[ 1 ] Das naturwissenschaftliche Denken hat das neuzeitliche Vorstellungsleben tiefgehend beeinflußt. Immer unmöglicher wird es, von den geistigen Bedürfnissen, von dem «Leben der Seele» zu sprechen, ohne sich mit den Vorstellungsarten und Erkenntnissen der Naturwissenschaft auseinanderzusetzen. Gewiß: es gibt noch viele Menschen, welche diese Bedürfnisse befriedigen, ohne sich die Kreise von der naturwissenschaftlichen Strömung im Geistesleben stören zu lassen. Diejenigen, welche den Pulsschlag der Zeit hören, können nicht zu diesen gehören. Mit wachsender Schnelligkeit erobern sich die aus der Naturerkenntnis geschöpften Vorstellungen die Köpfe; und die Herzen folgen, wenn auch viel weniger willig, wenn auch oft mutlos und zagend. Nicht allein auf die Zahl derer kommt es an, die erobert sind; sondern darauf, daß dem naturwissenschaftlichen Denken eine Kraft innewohnt, die dem Aufmerkenden die Überzeugung gibt: dieses Denken enthält etwas, an dem eine Weltanschauung der Gegenwart nicht vorbeigehen kann, ohne bedeutungsvolle Eindrücke zu empfangen. Manche Auswüchse dieses Denkens nötigen zu einem berechtigten Zurückweisen seiner Vorstellungen. Doch kann man dabei nicht stehen bleiben in einem Zeitalter, in dem sich weite Kreise dieser Denkungsart zuwenden und von ihr wie von einer Zaubermacht angezogen werden. Daran ändert auch die Tatsache nichts, daß einzelne Persönlichkeiten einsehen, wie wirkliche Wissenschaft durch sich selbst über die «flache Kraft- und Stoffweisheit» des Materialismus «längst» hinausgeführt hat. Viel mehr, so scheint es, ist auf diejenigen zu achten, die mit Kühnheit erklären: die naturwissenschaftlichen Vorstellungen sind es, auf die auch eine neue Religion aufgebaut werden müsse. Wenn solche dem, der die tieferen geistigen Interessen der Menschheit kennt, auch flach und oberflächlich erscheinen, so muß er doch auf sie hören; denn ihnen wendet sich die Aufmerksamkeit der Gegenwart zu; und es sind Gründe zu der Ansicht vorhanden, daß sie die Aufmerksamkeit in der nächsten Zukunft immer mehr gewinnen werden. Und auch die anderen kommen in Betracht, die mit den Interessen ihres Herzens hinter denen ihres Kopfes zurückgeblieben sind. Es sind die, welche sich in ihrem Verstande den naturwissenschaftlichen Vorstellungen nicht entziehen können. Die Beweislast drückt auf sie. Aber die religiösen Bedürfnisse ihres Gemütes können von diesen Vorstellungen nicht befriedigt werden. Für eine solche Befriedigung liefern diese eine zu trostlose Perspektive. Soll denn die Menschenseele sich für die Höhen der Schönheit, Wahrheit und Güte begeistern, um in jedem einzelnen Fälle wie eine vom materiellen Gehirn aufgetriebene Schaumblase am Ende in Wesenlosigkeit hinweggefegt zu werden? Das ist eine Empfindung, die auf vielen wie ein Alp lastet. Und die naturwissenschaftlichen Vorstellungen lasten auch deshalb auf ihnen, weil sie mit einer gewaltigen autoritativen Kraft sich aufdrängen. Solche Menschen verhalten sich, solange sie nur können, blind gegen diesen Zwiespalt in ihrer Seele. Ja, sie trösten sich damit, zu sagen, daß volle Klarheit in diesen Dingen der menschlichen Seele versagt sei. Sie denken naturwissenschaftlich, soweit die Erfahrung der Sinne und die Logik des Verstandes dies erfordern; aber sie erhalten sich ihre anerzogenen religiösen Empfindungen und bleiben am liebsten über diese Dinge in einer den Verstand umnebelnden Dunkelheit. Sie haben nicht den Mut, sich zu einer Klarheit durchzuringen.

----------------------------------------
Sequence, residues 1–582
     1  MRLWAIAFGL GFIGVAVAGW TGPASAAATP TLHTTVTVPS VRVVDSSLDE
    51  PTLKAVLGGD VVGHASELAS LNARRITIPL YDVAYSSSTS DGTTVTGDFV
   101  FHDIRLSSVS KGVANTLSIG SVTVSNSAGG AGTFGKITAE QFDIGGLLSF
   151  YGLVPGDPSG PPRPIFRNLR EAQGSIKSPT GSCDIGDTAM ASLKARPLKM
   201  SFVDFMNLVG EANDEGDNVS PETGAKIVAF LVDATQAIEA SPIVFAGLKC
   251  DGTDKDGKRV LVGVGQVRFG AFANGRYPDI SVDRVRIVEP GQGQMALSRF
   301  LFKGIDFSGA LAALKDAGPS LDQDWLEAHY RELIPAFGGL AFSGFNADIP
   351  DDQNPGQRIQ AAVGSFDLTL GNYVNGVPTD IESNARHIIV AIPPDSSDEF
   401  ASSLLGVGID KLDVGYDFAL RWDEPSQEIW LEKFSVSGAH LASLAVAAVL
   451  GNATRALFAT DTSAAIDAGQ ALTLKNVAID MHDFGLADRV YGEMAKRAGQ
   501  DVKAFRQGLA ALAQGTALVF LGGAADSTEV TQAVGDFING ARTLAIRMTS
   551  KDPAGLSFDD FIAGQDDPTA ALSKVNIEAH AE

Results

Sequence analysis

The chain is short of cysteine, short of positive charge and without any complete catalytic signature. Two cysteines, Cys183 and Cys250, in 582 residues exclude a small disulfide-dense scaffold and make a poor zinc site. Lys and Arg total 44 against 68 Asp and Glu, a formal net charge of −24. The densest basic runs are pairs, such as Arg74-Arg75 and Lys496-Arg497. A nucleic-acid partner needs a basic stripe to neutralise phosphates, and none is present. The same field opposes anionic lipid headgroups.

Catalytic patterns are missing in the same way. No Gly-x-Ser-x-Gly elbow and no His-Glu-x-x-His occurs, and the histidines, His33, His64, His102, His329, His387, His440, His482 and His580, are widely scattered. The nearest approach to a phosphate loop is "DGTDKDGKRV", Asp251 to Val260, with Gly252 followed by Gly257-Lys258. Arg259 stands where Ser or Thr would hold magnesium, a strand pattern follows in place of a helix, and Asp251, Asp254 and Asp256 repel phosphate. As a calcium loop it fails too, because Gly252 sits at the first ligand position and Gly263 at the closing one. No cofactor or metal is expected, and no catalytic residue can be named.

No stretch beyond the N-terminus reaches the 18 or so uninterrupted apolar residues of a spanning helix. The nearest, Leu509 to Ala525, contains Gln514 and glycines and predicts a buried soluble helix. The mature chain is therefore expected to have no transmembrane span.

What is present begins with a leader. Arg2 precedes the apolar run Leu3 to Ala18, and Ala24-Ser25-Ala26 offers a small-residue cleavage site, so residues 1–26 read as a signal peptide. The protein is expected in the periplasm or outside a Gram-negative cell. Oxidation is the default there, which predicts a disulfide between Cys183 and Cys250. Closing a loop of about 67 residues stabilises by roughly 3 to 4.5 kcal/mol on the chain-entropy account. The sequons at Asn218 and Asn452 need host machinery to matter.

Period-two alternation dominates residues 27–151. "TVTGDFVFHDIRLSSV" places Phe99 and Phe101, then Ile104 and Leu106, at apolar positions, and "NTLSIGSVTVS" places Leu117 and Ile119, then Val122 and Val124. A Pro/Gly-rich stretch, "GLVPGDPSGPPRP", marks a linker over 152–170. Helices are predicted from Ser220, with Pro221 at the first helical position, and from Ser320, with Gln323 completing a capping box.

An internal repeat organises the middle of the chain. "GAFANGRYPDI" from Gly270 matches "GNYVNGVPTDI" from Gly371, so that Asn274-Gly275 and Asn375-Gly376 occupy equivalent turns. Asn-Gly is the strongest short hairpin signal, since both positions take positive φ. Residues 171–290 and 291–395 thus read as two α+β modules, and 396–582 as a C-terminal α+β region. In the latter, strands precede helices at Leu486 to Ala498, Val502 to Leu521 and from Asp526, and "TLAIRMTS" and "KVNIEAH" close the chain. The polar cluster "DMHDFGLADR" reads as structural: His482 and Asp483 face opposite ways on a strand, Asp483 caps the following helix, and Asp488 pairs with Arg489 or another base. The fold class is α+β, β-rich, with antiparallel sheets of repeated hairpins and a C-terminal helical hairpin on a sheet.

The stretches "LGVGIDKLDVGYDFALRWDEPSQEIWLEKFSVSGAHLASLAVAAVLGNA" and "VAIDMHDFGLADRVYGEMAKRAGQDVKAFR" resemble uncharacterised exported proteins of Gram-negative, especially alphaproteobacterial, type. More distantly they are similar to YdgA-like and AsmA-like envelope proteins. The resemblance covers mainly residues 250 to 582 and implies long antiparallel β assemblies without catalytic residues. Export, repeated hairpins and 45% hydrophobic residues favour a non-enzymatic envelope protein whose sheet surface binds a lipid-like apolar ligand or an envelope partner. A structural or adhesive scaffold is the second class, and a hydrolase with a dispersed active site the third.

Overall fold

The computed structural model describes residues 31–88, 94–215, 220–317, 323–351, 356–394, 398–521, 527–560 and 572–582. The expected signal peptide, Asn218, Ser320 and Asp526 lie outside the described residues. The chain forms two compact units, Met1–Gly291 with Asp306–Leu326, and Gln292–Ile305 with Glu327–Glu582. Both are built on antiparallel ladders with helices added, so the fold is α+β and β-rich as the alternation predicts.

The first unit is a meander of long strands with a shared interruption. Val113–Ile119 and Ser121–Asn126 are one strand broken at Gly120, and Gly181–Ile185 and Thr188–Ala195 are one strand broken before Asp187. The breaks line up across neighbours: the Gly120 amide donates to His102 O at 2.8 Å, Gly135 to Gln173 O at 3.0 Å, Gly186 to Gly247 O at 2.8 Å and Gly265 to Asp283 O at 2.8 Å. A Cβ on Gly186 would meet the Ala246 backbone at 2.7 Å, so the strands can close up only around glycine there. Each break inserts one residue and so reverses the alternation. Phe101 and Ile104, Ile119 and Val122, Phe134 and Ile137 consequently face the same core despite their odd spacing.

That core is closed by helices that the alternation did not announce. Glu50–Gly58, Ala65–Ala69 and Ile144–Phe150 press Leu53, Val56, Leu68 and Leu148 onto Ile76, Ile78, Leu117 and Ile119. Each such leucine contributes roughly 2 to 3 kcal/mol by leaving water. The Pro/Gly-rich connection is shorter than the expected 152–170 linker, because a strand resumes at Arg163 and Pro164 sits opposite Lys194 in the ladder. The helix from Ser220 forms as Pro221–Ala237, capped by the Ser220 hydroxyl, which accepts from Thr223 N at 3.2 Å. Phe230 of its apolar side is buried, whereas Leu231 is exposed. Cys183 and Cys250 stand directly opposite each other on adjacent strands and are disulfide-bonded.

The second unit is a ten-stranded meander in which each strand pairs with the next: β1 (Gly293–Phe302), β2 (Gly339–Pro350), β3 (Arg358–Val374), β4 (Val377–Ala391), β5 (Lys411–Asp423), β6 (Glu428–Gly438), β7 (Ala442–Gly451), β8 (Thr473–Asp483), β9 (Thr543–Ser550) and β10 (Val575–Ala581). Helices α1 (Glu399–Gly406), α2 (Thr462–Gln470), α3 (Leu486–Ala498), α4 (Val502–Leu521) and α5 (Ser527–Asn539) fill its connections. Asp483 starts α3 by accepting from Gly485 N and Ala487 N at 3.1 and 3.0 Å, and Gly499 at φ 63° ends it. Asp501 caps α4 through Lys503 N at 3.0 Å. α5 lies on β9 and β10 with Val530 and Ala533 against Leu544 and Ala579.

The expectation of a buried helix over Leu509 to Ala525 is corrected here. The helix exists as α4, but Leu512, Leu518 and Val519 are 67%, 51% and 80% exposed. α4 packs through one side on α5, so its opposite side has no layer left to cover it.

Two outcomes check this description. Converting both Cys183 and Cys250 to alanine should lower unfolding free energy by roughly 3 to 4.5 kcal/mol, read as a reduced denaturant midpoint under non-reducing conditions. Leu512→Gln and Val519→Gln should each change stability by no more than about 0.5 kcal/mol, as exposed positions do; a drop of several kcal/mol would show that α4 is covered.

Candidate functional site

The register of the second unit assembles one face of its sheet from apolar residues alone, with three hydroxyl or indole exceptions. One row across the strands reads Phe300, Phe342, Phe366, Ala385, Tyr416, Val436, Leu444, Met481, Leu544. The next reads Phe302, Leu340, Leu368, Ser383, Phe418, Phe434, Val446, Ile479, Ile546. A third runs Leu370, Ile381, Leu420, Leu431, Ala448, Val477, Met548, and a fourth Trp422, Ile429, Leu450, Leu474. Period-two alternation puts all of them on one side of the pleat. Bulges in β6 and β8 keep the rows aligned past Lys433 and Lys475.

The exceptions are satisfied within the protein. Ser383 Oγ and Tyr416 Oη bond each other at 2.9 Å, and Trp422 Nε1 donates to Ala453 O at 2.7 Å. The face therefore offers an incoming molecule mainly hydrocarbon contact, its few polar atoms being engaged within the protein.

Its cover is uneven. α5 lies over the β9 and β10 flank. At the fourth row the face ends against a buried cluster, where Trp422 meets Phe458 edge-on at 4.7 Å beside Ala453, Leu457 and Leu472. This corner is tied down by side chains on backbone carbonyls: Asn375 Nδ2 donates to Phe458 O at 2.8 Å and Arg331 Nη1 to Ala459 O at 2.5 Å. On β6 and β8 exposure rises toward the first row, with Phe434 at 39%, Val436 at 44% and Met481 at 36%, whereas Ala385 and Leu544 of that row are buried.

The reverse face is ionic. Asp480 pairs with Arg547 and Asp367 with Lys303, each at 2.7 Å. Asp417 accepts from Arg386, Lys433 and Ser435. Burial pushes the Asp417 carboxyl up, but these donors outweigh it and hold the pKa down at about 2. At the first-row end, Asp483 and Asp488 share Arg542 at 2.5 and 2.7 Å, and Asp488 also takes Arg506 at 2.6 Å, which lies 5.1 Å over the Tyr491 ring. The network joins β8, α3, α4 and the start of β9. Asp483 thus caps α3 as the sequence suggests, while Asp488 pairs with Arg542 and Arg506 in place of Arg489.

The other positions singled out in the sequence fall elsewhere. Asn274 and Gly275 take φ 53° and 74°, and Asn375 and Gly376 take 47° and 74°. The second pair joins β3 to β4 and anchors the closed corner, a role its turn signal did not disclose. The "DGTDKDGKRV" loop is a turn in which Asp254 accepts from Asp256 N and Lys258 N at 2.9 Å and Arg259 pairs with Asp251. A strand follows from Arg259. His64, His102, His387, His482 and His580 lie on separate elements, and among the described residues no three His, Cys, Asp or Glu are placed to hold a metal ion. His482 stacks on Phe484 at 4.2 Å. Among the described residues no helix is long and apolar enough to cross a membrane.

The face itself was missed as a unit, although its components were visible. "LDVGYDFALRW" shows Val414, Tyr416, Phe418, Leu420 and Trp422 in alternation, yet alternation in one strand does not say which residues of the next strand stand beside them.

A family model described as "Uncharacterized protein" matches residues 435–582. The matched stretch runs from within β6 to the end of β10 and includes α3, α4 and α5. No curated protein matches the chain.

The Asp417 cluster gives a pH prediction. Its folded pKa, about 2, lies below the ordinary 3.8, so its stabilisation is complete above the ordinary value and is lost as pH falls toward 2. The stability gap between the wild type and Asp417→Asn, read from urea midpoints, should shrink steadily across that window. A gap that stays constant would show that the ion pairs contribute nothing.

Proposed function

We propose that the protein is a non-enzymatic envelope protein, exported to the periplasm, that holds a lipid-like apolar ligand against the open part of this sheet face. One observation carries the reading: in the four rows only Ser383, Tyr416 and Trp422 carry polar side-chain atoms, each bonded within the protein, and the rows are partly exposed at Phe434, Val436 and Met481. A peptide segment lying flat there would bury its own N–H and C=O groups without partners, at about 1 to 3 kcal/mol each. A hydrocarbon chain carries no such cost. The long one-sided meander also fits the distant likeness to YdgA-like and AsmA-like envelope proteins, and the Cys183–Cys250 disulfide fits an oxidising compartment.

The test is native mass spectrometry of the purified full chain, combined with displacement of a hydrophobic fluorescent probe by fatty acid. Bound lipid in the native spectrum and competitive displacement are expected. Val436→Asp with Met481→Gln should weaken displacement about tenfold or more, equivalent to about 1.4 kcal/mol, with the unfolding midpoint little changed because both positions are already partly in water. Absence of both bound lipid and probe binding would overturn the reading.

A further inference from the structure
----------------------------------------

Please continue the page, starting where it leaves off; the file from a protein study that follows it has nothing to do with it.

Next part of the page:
[ 2 ] So kann kein Zweifel darüber sein: die naturwissenschaftliche Denkungsart ist die mächtigste Gewalt im Geistesleben der Neuzeit. Und wer von den geistigen Interessen der Menschheit spricht, darf an ihr nicht achtlos vorübergehen. Aber zweifellos ist es auch, daß die Art, wie sie zunächst die geistigen Bedürfnisse befriedigt, eine oberflächliche und flache ist. Es wäre trostlos, wenn diese Art die rechte wäre. Oder wäre es nicht niederdrückend, wenn man zustimmen müßte, sobald einer sagt: «Der Gedanke ist eine Form der Kraft. Wir gehen mit derselben Kraft, mit der wir denken. Der Mensch ist ein Organismus, der verschiedene Formen der Kraft in Gedankenkraft umwandelt, ein Organismus, den wir mit dem, was wir «Nahrung» nennen, in Tätigkeit erhalten und mit dem wir das, was wir Gedanken nennen, produzieren. Welch ein wundervoller chemischer Prozeß, der ein bloßes Quantum Nahrung in die göttliche Tragödie eines «Hamlet» verwandeln konnte!»? Das ist geschrieben in einer Broschüre Robert G. Ingersolls,1Die Worte Ingersolls werden an dieser Stelle des Buches nicht etwa bloß im Hinblicke auf solche Menschen angeführt, welche sie in genau demselben Wortlaute als ihre Überzeugung aussprechen. Gar viele werden dies nicht tun und dennoch sich über die Naturerscheinungen und den Menschen solche Vorstellungen machen, daß sie, wenn sie wirklich konsequent wären, zu diesen Aussprüchen kommen müßten. Es kommt nicht darauf an, was jemand theoretisch als seine Überzeugung ausspricht, sondern darauf, ob diese Überzeugung wirklich aus seiner ganzen Denkungsart folgt. Es mag jemand für seine Person die obigen Worte sogar verabscheuen oder lächerlich finden: wenn er, ohne zu den geistigen Untergründen der Naturerscheinungen aufzusteigen, sich eine das bloß Äußerliche berücksichtigende Erklärung derselben bildet, so wird der Andere als eine logische Folge eine materialistische Philosophie daraus machen. die den Titel «Moderne Götterdämmerung» trägt. — Mögen solche Gedanken äußerlich wenig Zustimmung finden, wenn sie der eine oder andere ausspricht: das ist gleichgültig. Die Hauptsache ist, daß Unzählige durch die naturwissenschaftliche Denkungsart sich gezwungen sehen, sich im Sinne der obigen Sätze zu den Vorgängen der Welt zu stellen, auch wenn sie die Meinung haben, daß sie es nicht tun.